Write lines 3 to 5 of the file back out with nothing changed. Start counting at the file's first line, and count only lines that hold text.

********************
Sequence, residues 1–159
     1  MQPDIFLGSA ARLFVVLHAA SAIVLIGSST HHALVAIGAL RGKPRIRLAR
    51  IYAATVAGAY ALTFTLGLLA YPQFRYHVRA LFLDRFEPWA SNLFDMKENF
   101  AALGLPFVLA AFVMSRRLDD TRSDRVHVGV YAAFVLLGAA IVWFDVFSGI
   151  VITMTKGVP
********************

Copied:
    51  IYAATVAGAY ALTFTLGLLA YPQFRYHVRA LFLDRFEPWA SNLFDMKENF
   101  AALGLPFVLA AFVMSRRLDD TRSDRVHVGV YAAFVLLGAA IVWFDVFSGI
   151  VITMTKGVP